• Controlled group rules apply for testing nondiscrimination.

  • The calendar year $5,250 maximum exclusion for loan forgiveness must be combined with any other educational assistance that is provided to the employee under the employer’s Code Section 127 plan for that calendar year.

  • The plan cannot permit an employee to choose between taxable compensation and benefits and the educational assistance. Thus, an employee cannot elect salary reduction as a means of participating in the Section 127 plan. Simply put, the benefits under the plan have to be employer paid benefits.

Qualified Education Loans

The rules that define what will qualify as a “Qualified Education Loan” are somewhat complex. The IRS advises taxpayers to review Chapter 4 of IRS Publication 970.

However, in general, the loan had to be incurred for the employee’s costs of attendance (i) in pursuit of a degree, certificate, or other program that would lead to a “recognized educational credential”, and (ii) while carrying a course load at least one-half (1/2) of the normal course load for that particular course of study.

Loans from the government or a financial institution are fine. Loans from family members don’t qualify. Loans from tax-qualified employer retirement plans (e.g. 401(k) Plans) don’t qualify.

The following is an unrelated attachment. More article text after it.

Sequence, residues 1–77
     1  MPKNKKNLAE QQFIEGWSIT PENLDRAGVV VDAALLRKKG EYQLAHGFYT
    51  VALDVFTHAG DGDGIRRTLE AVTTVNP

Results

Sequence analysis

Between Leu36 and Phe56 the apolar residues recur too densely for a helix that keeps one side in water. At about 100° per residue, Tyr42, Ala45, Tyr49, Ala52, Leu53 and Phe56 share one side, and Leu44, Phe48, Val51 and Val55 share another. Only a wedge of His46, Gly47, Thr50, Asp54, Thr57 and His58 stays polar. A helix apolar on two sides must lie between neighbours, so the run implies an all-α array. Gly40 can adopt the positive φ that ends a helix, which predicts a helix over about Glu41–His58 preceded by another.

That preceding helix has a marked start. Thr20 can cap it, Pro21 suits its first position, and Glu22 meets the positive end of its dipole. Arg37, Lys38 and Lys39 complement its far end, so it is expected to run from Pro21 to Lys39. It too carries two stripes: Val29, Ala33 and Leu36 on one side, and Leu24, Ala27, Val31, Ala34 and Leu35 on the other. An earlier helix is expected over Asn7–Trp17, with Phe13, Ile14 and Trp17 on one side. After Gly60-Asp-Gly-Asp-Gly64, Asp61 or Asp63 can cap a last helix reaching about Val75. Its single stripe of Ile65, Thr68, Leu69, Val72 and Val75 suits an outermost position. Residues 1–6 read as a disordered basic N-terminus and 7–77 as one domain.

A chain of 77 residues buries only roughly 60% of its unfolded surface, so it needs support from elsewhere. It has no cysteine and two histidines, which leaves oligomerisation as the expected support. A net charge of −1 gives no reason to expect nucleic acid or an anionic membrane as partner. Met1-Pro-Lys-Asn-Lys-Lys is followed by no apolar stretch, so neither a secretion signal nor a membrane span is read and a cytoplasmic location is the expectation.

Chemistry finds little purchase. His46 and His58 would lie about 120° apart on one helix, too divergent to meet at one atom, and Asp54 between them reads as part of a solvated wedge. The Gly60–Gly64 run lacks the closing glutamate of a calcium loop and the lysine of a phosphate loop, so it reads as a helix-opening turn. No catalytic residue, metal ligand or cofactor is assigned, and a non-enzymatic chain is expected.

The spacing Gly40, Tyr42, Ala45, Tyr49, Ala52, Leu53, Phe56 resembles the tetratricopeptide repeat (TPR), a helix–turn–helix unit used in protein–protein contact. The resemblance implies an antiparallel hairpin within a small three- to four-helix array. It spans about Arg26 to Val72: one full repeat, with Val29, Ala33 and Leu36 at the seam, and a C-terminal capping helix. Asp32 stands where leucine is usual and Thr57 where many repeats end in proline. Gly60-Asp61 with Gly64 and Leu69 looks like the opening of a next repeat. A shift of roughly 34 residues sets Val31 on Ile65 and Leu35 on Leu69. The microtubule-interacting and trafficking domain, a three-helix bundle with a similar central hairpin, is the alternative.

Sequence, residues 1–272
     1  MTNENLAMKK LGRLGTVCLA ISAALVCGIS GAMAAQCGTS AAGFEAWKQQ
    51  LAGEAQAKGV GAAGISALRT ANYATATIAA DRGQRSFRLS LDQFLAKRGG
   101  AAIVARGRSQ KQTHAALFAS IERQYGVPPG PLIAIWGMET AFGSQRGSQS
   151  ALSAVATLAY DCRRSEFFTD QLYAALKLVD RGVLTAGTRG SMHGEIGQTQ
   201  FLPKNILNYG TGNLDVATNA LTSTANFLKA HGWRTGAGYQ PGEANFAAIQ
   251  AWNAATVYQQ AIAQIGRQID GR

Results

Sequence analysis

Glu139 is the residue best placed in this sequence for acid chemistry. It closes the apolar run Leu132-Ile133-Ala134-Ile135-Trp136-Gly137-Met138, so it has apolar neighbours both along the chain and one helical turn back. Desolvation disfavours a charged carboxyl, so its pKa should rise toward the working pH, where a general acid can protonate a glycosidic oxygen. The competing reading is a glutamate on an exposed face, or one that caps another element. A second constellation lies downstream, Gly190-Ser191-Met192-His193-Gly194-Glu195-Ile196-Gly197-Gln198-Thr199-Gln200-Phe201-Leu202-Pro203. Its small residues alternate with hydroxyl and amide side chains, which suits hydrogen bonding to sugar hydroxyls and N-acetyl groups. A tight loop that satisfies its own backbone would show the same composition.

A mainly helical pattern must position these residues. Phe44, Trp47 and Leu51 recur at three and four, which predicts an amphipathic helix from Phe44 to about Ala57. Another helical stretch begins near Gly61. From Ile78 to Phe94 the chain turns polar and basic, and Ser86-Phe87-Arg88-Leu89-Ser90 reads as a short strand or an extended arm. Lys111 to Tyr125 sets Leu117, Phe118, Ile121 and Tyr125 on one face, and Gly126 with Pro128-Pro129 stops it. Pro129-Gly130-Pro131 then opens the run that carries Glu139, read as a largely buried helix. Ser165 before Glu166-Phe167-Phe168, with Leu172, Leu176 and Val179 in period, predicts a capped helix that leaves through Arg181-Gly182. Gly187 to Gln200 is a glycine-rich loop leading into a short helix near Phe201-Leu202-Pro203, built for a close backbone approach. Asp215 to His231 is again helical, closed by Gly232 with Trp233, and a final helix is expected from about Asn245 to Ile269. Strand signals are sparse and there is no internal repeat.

Attendance at an “eligible education institution” is required. In general, this will include all colleges, universities, vocational schools and other post-secondary institutions that are eligible to participate in the federal student aid program.

Costs of attendance at the eligible education institution include tuition and fees, books, supplies, transportation, miscellaneous personal expenses, room and board and various other costs.

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© Copyright 2021 Squire Patton Boggs (US) LLPNational Law Review, Volume XI, Number 12
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About this Author

Gregory J. Viviani, Squire Patton Boggs, Employee Benefits Lawyer,
Partner

Gregory Viviani focuses his practice on employee benefits. He has experience in all aspects of employee benefits law and related income tax matters including ERISA requirements, tax-qualified retirement plans, nonqualified deferred compensation plans, fringe benefits and employment taxes. He has particular experience in matters relating to governmental bodies and tax-exempt organizations.

216 479 8622
Joseph P. Yonadi, Jr. Tax Strategy & Benefits Squire Patton Boggs Cleveland, OH
Partner

Joe Yonadi is a partner in the Tax Strategy & Benefits Practice, where he advises clients on executive compensation, employee stock ownership plans, ERISA fiduciary governance and litigation prevention, and employee benefit and compensation issues in merger and acquisitions.


Joe’s ESOP practice includes advising sellers, lenders and trustees with respect to their ongoing ESOP compliance and fiduciary governance matters. In addition, he assists business owners with assessing the benefits of utilizing an ESOP as a succession planning tool.

Joe maintains a...

216-479-8441